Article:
You’re not competing with others in your industry

You’re competing with 2 guys out there in their garage willing to give up everything to change the world. At the time the Steves founded Apple Computers, IBM ruled the computer industry with an iron fist. Companies like HP, Sperry, Honeywell, Commodore, and a host of others created business based on one-upping IBM. Only Steve Jobs knew that you can’t create an iconic business by doing what your competitors do — just doing it better. Instead of jumping into the red ocean, he plunged headlong into a blue one.

Identifying your company by its products is a fools game

Apple didn’t make computers, it changed people’s lives by helping them with problems. If Apple only made computers, we might never have smartphones, or apps, or little computers that fit in your purse.

You can’t run a company with numbers

Now, don’t go off the deep end. I’m NOT saying you should ignore numbers — and as someone currently writing a book on social media analytics you can bet I’m a firm believer in numbers. But, you can’t let the numbers tell YOU what to do. Metrics help GUIDE decisions — they don’t tell you what to do. And, metrics are backward looking. They tell you where you’ve been. That’s great for tactical decisions like how much product are we selling so we know how much to make. Using metrics for strategic decisions is a little more intuitive. You can’t just extend a trend line and expect that sales will follow the trend.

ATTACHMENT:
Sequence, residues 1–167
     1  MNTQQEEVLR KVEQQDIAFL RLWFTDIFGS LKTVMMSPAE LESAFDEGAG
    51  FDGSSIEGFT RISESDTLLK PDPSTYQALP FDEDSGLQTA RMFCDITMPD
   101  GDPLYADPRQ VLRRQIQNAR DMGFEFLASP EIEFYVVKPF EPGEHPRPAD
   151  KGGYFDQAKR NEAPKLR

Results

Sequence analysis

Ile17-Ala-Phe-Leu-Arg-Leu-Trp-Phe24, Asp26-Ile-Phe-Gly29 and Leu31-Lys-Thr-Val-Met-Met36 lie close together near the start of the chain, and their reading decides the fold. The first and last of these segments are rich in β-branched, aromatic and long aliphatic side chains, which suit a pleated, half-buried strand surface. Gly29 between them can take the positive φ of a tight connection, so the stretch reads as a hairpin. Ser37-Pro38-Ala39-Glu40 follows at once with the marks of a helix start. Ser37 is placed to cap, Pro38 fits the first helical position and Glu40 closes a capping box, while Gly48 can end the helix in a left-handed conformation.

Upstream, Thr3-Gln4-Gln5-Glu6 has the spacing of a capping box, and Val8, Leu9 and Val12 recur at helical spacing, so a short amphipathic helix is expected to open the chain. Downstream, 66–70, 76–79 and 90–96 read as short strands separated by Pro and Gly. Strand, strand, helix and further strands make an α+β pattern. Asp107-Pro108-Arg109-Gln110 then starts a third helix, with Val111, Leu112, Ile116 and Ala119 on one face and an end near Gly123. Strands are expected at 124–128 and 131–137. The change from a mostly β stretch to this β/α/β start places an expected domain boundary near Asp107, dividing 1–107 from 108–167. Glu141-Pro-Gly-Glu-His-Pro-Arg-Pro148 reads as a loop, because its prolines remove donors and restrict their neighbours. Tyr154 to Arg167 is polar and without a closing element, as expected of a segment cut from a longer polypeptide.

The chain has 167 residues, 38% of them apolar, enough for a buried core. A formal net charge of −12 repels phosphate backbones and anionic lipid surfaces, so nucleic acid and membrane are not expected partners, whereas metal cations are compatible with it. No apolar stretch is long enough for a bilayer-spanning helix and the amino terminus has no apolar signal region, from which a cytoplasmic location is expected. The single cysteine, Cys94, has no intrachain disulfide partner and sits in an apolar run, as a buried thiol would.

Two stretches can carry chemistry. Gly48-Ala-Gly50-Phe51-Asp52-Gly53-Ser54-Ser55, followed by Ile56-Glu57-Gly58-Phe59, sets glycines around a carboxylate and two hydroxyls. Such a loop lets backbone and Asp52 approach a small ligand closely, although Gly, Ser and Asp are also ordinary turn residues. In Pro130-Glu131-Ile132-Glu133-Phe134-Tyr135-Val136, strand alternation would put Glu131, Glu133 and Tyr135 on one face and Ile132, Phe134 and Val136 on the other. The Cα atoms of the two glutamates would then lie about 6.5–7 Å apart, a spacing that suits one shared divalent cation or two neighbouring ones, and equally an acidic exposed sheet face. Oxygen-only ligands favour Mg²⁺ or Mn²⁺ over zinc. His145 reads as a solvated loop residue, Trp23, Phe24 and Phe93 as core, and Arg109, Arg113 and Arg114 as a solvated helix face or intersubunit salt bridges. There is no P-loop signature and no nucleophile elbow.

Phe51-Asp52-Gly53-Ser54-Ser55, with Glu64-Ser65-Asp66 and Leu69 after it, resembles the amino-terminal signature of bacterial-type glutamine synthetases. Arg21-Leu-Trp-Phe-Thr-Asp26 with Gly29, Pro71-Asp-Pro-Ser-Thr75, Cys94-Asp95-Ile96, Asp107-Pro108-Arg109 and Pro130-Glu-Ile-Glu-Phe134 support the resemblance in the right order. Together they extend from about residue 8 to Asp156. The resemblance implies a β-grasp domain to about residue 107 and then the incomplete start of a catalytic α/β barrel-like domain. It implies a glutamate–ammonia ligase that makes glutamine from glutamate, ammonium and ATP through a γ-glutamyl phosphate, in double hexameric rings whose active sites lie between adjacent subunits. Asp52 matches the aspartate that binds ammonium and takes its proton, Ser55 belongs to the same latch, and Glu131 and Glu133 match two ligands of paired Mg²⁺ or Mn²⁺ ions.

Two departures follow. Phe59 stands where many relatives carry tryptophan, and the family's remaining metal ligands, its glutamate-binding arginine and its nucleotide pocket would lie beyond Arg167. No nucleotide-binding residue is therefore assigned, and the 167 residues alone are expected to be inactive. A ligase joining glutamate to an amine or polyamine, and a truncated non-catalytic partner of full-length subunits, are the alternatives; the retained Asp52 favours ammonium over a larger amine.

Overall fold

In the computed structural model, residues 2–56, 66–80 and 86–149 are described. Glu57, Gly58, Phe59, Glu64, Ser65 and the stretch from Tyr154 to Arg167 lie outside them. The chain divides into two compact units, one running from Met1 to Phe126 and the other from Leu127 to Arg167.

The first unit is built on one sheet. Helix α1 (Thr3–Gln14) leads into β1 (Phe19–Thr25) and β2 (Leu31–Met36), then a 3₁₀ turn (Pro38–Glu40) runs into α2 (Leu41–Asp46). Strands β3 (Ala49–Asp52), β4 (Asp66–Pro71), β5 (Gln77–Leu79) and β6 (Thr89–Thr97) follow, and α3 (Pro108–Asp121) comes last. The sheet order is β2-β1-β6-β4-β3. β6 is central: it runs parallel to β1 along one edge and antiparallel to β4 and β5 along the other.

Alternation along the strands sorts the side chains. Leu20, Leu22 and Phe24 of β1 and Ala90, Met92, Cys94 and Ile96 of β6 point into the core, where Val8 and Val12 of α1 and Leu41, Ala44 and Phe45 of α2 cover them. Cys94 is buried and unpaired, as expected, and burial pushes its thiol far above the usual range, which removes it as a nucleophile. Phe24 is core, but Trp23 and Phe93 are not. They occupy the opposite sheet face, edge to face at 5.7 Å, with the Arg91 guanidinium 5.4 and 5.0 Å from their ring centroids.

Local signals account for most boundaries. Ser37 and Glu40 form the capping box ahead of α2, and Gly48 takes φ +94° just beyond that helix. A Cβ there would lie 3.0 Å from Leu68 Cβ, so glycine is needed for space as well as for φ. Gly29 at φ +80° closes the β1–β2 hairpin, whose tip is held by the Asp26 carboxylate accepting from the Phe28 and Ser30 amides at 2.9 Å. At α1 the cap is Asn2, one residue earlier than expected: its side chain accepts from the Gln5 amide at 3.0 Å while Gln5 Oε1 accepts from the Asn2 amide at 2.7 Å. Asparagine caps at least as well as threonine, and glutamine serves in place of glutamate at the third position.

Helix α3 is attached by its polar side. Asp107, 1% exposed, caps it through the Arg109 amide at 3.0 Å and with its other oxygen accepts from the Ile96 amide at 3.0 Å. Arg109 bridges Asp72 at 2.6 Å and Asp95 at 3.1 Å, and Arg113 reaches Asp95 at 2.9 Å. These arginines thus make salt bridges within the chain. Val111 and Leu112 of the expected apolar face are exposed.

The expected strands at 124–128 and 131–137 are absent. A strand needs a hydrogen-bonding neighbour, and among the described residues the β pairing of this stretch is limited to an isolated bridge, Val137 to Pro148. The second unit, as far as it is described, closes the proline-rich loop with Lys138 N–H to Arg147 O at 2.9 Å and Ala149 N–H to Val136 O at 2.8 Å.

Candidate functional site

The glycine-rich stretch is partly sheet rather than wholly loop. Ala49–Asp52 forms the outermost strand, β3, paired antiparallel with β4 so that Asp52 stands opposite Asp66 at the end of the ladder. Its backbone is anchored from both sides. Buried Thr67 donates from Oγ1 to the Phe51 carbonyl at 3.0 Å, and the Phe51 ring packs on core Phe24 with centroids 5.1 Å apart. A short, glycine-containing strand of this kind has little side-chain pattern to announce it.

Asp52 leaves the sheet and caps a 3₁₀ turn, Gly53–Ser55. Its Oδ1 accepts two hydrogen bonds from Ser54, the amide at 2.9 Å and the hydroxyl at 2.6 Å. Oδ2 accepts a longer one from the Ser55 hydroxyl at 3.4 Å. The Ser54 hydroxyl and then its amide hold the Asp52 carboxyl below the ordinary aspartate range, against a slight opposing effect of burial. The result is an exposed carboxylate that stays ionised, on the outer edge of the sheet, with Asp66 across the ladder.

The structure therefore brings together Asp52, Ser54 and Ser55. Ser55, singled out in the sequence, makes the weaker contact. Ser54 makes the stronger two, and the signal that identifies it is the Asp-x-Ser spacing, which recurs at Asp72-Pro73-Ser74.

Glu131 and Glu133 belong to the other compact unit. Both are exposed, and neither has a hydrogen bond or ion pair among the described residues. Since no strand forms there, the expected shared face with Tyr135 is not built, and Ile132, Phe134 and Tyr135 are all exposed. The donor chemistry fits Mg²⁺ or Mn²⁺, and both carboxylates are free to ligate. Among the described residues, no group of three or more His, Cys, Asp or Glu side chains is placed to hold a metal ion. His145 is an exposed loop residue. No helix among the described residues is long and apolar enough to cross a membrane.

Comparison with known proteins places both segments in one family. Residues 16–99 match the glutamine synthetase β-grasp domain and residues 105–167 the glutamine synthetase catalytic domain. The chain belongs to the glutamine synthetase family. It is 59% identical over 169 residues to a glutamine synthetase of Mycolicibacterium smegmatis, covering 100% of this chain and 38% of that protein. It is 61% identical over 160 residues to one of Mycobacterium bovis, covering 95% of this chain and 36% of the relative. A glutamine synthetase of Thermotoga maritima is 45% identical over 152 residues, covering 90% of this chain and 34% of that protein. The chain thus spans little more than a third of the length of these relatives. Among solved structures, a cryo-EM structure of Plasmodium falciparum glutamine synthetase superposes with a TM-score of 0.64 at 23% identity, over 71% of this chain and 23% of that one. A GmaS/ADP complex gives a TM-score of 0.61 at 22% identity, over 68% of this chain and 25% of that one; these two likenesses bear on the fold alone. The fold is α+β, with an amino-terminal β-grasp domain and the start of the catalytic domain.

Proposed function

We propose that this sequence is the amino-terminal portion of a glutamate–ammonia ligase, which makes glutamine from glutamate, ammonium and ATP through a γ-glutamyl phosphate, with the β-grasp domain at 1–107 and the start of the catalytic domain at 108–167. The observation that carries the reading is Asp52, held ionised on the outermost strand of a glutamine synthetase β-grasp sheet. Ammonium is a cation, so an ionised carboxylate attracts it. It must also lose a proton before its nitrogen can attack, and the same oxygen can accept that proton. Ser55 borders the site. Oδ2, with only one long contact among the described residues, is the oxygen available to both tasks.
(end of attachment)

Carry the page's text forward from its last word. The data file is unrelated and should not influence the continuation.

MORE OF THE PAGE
To make strategic decisions, you need metrics that are forward looking — like what are consumers saying about your brand — NOT what are stockholders doing with your stock. Almost by definition, stock price is a short-term valuation of your brand and doesn’t look at the long-run. However, your strategic decisions must look 5 – 10 years out. Putting money into an obsolete technology – the Apple II — just because it was currently selling well is naive and short-sighted.

Will Apple survive without Steve Jobs?

That’s a good question. The answer lies not in the man — because Steve Jobs was a seriously flawed man — but in the organization to replace him with another visionary who embodies the principles of Steve Jobs and gives him/ her the time and resources he/she needs to continue the innovative legacy of Steve Jobs.